So, by the reg, selection of the combat patch for those who have more than one, is an individual choice.

Nonetheless, Army commanders have enormous latitude with regard to proscribing restrictions on conduct and uniform. The general rule is, "you can add to, but cannot take away from, the regulation."

I went back to AR-670-1; the latest one I have is from 2005 but I don't think it's changed that much since then. With this passage from paragraph 1-4...

...the commander issuing the clothing and equipment will establish wear policies for organizational clothing and equipment.*

... it appears to me that the commander in this situation was clearly within his rights to designate a specific combat patch be worn by personnel in his command.

That said, my personal attitude has always been to never needlessly complicate my Soldiers' lives, or to make rules that "only" apply to them. The Army has enough rules as it is; no need to add to them if we don't have to.

Every Soldier in the unit was already wearing a 1st ID patch on the left sleeve; no need to make them all wear one on the right as well.

Designating a specific combat patch was done "to improve morale?" :uhh: I remember another ill-advised uniform change done "to improve morale," and that backfired as well. Anyone want to take a guess what that was?

Then we have the guy that wants to air his unit's dirty laundry to the press... dumb ass. Inasmuch as the order to wear a specific combat patch is not illegal, immoral, or unethical, he had a duty to obey it. "That's a stupid fucking idea" is not a good reason to go running to the press. He brought unnecessary negative attention to himself and his unit.

If I was the commander, I wouldn't have made a rule like this. If I was a Soldier in the unit that had that rule, I would STFU and wear the 1ID patch while I was there- whatever; I have plenty more things to worry about while I'm deployed than what I'm wearing on my right side. If I was in the CoC of the guy that ran to the press, I would probably pull him into the office with the 1SG and we'd have a little chat about the "right" way to handle unit-internal problems and issues.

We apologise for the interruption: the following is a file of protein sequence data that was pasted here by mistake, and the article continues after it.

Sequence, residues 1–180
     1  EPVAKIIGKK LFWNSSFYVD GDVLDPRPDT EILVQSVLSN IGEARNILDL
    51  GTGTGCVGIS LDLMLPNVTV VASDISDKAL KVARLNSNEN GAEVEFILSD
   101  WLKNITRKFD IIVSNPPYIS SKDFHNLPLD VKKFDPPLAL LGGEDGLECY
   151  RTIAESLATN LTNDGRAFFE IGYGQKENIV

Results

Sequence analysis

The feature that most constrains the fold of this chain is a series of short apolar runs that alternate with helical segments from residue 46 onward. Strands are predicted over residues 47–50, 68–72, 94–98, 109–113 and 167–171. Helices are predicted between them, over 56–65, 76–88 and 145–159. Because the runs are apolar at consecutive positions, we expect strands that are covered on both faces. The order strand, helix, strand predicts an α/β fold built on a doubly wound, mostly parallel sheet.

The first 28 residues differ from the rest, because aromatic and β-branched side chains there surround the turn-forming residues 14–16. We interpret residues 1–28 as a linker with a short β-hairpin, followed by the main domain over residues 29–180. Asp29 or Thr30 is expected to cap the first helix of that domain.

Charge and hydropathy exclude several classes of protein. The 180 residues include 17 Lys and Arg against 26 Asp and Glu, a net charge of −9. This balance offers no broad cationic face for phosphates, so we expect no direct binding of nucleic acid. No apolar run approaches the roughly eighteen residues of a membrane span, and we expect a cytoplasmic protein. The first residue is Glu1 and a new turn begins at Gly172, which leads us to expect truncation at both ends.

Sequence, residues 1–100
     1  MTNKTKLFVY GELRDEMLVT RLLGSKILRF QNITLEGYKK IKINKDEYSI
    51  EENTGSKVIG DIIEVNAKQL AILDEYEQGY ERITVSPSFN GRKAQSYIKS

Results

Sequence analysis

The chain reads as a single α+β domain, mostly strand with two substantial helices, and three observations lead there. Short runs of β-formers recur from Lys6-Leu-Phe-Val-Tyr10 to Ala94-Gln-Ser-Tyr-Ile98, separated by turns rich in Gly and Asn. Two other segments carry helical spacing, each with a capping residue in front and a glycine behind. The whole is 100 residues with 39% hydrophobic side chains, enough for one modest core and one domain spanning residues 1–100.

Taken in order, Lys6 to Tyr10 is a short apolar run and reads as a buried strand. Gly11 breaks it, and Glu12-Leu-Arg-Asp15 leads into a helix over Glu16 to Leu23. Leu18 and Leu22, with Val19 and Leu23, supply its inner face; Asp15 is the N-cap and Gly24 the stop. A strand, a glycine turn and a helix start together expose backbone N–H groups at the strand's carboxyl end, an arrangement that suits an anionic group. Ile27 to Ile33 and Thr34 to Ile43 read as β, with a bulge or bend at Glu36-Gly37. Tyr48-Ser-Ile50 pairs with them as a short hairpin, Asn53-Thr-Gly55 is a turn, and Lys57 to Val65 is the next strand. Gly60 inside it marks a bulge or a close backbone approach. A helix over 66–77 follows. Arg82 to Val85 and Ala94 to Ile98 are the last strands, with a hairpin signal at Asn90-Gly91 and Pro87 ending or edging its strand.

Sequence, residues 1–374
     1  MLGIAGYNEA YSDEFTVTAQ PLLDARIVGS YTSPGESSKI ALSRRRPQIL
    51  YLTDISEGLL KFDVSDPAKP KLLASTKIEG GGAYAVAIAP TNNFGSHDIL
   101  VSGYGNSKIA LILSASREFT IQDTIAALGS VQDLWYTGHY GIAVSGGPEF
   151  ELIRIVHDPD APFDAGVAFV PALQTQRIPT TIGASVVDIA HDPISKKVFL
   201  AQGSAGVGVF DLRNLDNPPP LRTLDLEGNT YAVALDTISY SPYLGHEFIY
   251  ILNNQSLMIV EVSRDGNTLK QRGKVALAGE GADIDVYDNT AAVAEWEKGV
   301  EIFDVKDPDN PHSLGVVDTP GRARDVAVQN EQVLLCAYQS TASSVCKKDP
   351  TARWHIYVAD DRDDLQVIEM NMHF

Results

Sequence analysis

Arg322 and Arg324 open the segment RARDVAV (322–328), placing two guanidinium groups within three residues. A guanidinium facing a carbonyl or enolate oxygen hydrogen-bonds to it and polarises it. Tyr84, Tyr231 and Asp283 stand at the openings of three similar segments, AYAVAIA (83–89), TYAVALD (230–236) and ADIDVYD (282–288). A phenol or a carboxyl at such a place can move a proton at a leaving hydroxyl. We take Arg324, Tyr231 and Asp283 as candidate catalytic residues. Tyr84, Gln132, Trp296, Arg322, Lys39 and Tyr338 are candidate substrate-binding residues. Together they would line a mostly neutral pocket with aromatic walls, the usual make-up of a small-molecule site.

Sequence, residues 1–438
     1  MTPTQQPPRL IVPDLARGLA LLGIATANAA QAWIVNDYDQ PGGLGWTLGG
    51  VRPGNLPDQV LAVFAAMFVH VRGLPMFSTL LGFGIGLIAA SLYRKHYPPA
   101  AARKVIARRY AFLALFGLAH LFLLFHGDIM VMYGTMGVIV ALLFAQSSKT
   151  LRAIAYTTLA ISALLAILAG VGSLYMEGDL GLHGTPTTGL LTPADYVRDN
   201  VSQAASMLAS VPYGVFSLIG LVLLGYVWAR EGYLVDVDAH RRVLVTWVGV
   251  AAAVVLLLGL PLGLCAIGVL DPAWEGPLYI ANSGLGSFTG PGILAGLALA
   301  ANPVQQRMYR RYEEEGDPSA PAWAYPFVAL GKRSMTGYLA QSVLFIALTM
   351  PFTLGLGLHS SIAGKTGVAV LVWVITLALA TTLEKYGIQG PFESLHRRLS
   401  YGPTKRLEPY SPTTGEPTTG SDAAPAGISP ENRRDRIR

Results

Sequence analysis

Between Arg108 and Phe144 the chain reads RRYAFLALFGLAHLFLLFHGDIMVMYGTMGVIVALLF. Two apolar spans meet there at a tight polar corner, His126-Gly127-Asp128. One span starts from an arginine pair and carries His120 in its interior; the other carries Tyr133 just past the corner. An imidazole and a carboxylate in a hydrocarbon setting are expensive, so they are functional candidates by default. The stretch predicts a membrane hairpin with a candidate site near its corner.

* edited to add: after re-reading my post, I think that portion may only address organizational-specific (i.e. OCIE) clothing, like special T-shirts or unit-specific running shorts, and not the overall utility uniform... I'll have to check.
The notion that "we all look the same therefore we are a team" is so laughable that the only thing you can back it up with is the UCMJ. If the old man gives a legal order, you have to follow it. But clearly this commander's concept of leadership, battlefield priorities, and troop morale is shot, never to be fixed.

If the Soldier was ordered to wear X and he wears Y, there are grounds for legal action. Galactic level chickenshit legal action. I'm not sure about for writing a letter though. I doubt it.

If I were the Soldier, I'd ask for a CM if they try to pursue it legally. I'd be surprised if CoC did though. They'll probably just ride his ass and them screw him over after deployment.

If I were the BDE CDR, I'd man up and cancel the policy. Never gonna happen.
It's the not the dumbest thing I've heard about life in the box these days, but it comes pretty close.

Everybody is already wearing the 1st ID patch on the left, what's worn on the right is up to the individual soldier. They can choose to wear any patch they are authorized to wear under that reg, or none at all.

That this would even become an issue shows how ridiculous things can get in the field, where a garrison mentality starts to take hold the longer a unit or an Army is deployed.

They should all just eat some grub at Taco Bell and chill out.
They should all just eat some grub at Taco Bell and chill out.

Chill on the shitter you mean? :D

This kind of thing with the patches is just asinine BS to me, the commanders need to wake up and focus their energies on some real issues, which I'm almost certain during a combat deployment they may have one or two.
harryhubbard68 said:
LEGS hold up a chickens ass

I'm sorry, but would you mind explaining what this means?

The meaning is probably obvious since no one else asked about it, but I'm not usually one to catch the obvious.